Really interesting point about how ultimately this novel can relate to the Millennials. Danielewski has something amazing here with this book and as far as I’m concerned, he’s changed the scene of reading. It’s about so much more now–the way something is mediated to you does in fact affect you. So, it’s interesting you brought this up. Great post!

  2. hfcaldw says :

    As I mentioned in one of my posts; Danieleswki’s books are never ending. Each time the book is read a new situation or assumption will flourish. It is definitely not text for anyone to read. In addition to, not only using a book to communicate with each other in class, we have the ability to communicate this book with other classes. Which makes it even more interesting and easy to pull MORE information out. What power is pulled from this book but also from the web!

  3. xoebien says :

    Hey, you have absolutely hit the nail on the head in your discussion about generational information and relationships to technology that this book brings up again and again.
    You talk about how human emotions have existed long before the technologies and apparatuses have been able to express them. Still, it is interesting to see the manner in which humans are coming to deal with their intuitive emotions in light of the available outlets.
    Honestly, I’m one of those people who says I hate technology, which is absolutely false and misdirected. I say it, however, to express that I get stressed out by the endless navigation of the internet and I worry about technologies’ negative impact on society. It doesn’t help that the sic-fi books from just decades ago imagined dystopian worlds that were not in fact made better by the inventions of technology, but were instead made worse (1984, Do Androids Dream of Electric Sheep, Fahrenheit 451{Oh god let’s not even talk about the possibility of burning books or I will cry} just to name a few).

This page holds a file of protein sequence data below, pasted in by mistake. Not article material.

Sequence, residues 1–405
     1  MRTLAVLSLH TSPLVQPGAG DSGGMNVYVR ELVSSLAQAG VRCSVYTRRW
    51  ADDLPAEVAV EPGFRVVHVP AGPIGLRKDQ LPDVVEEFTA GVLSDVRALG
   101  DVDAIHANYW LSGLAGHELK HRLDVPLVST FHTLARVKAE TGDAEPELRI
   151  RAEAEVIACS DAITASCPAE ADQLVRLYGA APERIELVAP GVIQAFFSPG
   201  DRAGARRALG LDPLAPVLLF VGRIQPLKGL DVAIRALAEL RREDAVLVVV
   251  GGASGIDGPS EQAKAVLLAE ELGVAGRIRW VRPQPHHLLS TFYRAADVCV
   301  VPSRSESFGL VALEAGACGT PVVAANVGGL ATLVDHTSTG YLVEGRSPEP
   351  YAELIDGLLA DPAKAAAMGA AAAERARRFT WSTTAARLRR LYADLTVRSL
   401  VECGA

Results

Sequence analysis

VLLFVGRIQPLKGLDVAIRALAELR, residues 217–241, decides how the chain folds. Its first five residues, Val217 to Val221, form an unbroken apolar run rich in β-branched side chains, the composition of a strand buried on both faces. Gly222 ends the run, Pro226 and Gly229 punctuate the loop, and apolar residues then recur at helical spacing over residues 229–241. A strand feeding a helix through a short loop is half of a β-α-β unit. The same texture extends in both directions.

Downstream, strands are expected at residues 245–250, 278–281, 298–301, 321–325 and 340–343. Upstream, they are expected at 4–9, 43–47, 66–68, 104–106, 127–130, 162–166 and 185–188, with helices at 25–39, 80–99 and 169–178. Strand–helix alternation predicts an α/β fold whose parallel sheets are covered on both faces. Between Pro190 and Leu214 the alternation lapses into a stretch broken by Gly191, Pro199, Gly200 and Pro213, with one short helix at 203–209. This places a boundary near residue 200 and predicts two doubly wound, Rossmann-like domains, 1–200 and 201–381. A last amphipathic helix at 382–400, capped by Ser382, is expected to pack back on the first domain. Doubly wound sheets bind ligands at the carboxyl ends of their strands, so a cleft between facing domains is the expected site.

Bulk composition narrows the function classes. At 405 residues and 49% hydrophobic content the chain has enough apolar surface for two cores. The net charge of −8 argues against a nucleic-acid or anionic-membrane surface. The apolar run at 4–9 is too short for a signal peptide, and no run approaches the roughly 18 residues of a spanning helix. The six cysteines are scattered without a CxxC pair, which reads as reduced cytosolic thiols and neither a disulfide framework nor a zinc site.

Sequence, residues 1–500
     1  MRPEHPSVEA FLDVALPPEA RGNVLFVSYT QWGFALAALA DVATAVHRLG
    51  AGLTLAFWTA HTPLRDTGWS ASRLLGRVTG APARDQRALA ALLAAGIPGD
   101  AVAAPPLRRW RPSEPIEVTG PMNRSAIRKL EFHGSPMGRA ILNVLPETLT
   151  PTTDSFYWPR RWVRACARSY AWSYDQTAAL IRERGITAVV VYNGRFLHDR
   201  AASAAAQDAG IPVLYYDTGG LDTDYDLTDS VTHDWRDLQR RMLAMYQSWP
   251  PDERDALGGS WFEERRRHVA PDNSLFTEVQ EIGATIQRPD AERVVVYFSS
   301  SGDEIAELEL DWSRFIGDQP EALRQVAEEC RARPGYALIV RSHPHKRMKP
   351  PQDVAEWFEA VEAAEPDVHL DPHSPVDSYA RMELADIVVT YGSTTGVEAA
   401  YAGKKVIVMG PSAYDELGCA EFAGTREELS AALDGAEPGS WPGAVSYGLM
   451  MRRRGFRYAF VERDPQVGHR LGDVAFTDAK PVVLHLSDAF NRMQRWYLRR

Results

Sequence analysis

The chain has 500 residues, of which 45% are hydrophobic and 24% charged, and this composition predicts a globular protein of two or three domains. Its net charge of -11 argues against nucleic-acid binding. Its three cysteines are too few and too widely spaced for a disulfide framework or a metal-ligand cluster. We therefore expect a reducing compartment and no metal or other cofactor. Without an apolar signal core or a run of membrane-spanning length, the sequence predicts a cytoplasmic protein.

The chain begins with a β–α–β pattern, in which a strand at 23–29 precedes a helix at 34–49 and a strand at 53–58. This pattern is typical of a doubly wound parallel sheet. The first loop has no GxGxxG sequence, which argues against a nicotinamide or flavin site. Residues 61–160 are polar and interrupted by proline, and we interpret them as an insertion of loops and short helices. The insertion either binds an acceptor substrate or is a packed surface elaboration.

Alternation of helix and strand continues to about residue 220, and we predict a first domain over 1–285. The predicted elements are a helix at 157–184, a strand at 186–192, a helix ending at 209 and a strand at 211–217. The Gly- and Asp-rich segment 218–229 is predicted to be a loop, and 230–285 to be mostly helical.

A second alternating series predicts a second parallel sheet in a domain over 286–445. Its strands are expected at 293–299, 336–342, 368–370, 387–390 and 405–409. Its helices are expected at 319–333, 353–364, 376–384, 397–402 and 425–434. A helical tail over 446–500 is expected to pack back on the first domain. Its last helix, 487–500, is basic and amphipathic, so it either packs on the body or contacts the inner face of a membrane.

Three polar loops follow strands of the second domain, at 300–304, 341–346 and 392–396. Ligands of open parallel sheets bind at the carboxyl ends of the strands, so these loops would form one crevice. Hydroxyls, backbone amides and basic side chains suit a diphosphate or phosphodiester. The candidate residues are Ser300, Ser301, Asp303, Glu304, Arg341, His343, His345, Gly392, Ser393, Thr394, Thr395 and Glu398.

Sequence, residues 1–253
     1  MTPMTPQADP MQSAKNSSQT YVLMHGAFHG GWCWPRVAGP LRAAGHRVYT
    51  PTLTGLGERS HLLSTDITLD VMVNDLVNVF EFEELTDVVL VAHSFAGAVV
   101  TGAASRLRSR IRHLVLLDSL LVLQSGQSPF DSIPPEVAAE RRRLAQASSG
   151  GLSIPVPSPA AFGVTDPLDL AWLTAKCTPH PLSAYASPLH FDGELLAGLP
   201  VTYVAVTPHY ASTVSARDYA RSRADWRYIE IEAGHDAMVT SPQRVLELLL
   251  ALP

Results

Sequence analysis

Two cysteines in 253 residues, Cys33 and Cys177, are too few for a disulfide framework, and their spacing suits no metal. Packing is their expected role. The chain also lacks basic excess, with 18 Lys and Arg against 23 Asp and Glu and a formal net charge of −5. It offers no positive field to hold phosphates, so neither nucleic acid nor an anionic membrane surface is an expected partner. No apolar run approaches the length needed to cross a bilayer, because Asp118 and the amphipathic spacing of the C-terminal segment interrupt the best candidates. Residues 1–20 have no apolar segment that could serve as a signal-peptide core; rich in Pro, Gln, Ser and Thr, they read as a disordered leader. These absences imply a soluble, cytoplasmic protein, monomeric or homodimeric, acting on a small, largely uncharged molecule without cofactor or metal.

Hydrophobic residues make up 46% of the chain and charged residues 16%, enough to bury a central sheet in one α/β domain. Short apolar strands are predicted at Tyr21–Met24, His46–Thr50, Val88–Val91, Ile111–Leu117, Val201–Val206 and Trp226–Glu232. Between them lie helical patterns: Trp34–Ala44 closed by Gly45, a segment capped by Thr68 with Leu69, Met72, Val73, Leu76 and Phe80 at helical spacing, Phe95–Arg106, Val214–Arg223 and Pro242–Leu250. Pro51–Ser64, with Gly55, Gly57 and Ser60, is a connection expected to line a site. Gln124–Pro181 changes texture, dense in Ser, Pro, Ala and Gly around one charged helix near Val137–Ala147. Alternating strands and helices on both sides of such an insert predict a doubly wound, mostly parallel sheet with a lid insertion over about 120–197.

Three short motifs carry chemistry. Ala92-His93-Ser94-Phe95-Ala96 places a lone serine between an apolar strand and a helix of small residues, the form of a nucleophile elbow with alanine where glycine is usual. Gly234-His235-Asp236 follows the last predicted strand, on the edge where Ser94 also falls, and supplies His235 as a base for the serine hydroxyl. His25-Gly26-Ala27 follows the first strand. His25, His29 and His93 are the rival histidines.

I don’t want technology to replace human connection, but I appreciate the ways in which it makes it even more accessible. I like that you said anything can cause stress or anxiety because it points to our generational phenomenal of being less adept at maneuvering social situations than scrolling through Facebook or tumblr, we can calm down our senses by having something to focus on that doesn’t require our full attention, or at least we can attend several things at one time without being considered rude for not engaging with a group or avoiding polite pleasantries to people you don’t even care to talk to.

    Anyway, I think what I’m trying to get at is that Danielewski is showing us that we can have both- we can be both dependent on in person human connection and also means of technological escape where we get to control the websites we visit and the people we connect to. In fact, there may even be a way to utilize our digitized and multitasking era to pay tribute to the faculties of communication from the past – The Familiar is a physical book with pages made out of paper made out of trees, but when we open it up, we can see computers and microchips and timelines and Orbs that we are so accustomed to encountering on the world wide web.

    In conclusion: Wonderful post, lheyman. Thank you for sharing.

  4. ki7sune says :

    I really enjoyed this post. It made me think about my attitude about the book. It also made me feel like I am about to be old, but I think I am somewhere in the middle of this issue.

    I grew up in the 80’s and 90’s before the internet. I enjoyed movies, video games, and books, but they were always part of a 1-to-1 ratio. There was one book for one story, one video tape for a movie, and one cartridge for a game (excluding series and sequels I suppose). I am young enough to have easily assimilated new technologies as they become available, but I guess old enough to be resistant to ergodic literature.

    I think there is a key point of comparison between social media/the internet and this book. With technology we are able to multitask very well. We can talk/text friends, check schedules, take pictures, look up information, and much more just on our phones. I think this can be a good thing as long as we don’t ignore everything else. However, when I want to enjoy a book, I don’t want to be distracted by all those other things. I am not the most disciplined person, and I readily utilize technology. So, if I get online to look up a definition or a translation, I risk getting side tracked and finding out that there are more than 300,000,000 capillaries in your lungs and if they were stretched out tip to tip they would reach approximately the distance between Atlanta and LA (you would also die). Wait, what were we talking about?